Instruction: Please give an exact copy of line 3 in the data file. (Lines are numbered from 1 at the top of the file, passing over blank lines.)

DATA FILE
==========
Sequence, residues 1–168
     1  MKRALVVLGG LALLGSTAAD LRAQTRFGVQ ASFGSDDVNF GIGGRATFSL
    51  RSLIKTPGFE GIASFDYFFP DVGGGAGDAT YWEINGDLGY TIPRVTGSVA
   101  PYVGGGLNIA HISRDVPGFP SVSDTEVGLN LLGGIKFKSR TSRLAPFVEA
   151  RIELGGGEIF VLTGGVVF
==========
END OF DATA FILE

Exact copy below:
    51  RSLIKTPGFE GIASFDYFFP DVGGGAGDAT YWEINGDLGY TIPRVTGSVA